Orlando Shooting Proves Homophobia Remains A Worldwide Phenomenon

June is celebrated as Pride Month in US to commemorate the Stonewall Riots of 1969. But this June was a tragic reminder of how vulnerable the LGBT community remains even in so called safe spaces when a gunman went about shooting people at a gay club called Pulse in Orlando, US. The exact motive of the gunman, identified as Omar Mateen, remains unclear, but homophobia surely was the driving force behind the attack that killed 49 people.

Omar’s father said that he had got agitated after seeing two men kiss, possibly pointing to his hatred towards the LGBT community as the motive. Then again, there have been claims by various gay men and his own wife that Omar was gay himself, leading some to believe that internalised homophobia might have driven him to this extreme step. Him owing allegiance to ISIS minutes before being killed further complicates the matter. ISIS has been know to murder homosexuals in gruesome manner in territory controlled by it. Whichever angle one looks at, homophobia remains at the centre of it.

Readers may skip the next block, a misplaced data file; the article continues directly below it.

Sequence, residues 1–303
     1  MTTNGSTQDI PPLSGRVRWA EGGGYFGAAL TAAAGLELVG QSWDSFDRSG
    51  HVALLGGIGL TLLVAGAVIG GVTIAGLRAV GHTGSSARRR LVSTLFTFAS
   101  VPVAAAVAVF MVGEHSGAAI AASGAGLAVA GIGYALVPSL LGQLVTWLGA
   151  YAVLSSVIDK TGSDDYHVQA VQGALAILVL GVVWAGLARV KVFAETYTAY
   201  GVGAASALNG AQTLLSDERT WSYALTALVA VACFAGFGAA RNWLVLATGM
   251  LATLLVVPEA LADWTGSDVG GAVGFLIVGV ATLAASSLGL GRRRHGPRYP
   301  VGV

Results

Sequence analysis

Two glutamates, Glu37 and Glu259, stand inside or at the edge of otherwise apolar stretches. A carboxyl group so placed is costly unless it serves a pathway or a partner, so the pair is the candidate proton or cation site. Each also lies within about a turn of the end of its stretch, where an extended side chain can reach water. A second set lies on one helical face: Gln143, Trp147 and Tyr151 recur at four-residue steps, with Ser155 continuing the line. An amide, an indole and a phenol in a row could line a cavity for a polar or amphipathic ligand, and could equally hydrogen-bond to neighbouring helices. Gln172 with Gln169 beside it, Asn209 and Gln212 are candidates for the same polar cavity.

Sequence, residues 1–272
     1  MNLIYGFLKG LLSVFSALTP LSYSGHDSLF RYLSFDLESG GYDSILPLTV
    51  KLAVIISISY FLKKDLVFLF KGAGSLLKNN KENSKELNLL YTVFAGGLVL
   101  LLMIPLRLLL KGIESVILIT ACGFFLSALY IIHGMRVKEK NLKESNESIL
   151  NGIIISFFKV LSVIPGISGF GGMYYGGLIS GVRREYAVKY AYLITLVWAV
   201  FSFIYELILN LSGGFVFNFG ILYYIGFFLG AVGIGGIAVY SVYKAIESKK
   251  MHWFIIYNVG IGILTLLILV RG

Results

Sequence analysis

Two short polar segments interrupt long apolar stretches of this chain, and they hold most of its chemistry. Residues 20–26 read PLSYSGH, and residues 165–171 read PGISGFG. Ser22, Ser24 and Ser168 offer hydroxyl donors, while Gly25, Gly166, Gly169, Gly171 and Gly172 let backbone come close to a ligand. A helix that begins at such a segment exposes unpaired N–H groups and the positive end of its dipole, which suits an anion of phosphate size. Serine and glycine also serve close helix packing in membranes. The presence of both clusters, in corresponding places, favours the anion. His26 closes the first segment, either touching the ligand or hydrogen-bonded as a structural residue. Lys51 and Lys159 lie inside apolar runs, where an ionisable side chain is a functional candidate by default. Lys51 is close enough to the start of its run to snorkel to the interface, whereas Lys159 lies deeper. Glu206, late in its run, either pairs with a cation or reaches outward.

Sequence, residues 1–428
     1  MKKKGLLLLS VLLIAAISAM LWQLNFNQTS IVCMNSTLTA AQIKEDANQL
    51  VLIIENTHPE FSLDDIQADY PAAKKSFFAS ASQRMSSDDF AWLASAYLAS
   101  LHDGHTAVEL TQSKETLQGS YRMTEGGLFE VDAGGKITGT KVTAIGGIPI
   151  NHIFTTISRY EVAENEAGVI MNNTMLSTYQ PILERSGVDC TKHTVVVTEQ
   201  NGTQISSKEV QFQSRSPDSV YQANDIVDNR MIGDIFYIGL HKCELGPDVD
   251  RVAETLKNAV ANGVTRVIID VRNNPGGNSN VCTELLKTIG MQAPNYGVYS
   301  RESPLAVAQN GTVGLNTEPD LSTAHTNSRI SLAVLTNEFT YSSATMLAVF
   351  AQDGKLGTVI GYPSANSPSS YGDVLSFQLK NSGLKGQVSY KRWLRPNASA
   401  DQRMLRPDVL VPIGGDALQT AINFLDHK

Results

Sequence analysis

orlando homophobia

The Orlando shooting comes within two months of another gruesome murder of LGBT activists in Bangladesh. The general notion is that LGBT community is vulnerable in countries with homophobic laws, or in third world countries, while the West is considered as much safer. But the Orlando incident shows that it is not just in Islamic or African countries where the LGBT community remains unsafe. Despite advances, LGBT community is vulnerable even in the West. Homophobia remains a cause of concern worldwide.

Despite all this, we must remember that we must not cower or hide back in the closet. We must win over people and their “phobias” by educating them, by being open and showing them that there is no basis of their hatred. Such attacks want to install fear in our minds. We must be resilient and defeat such people through our fearless actions.

Published by

Sukhdeep Singh

Sukhdeep Singh

Sukhdeep Singh is the Founding Editor of Gaylaxy magazine which is India’s largest English language LGBT magazine. He grew up in Kolkata, in a Sikh family and in a liberal atmosphere. While studying in college he launched Gaylaxy magazine in 2010, which is now also available as an App. His message to the world is: "Treat everyone equally, with love and dignity."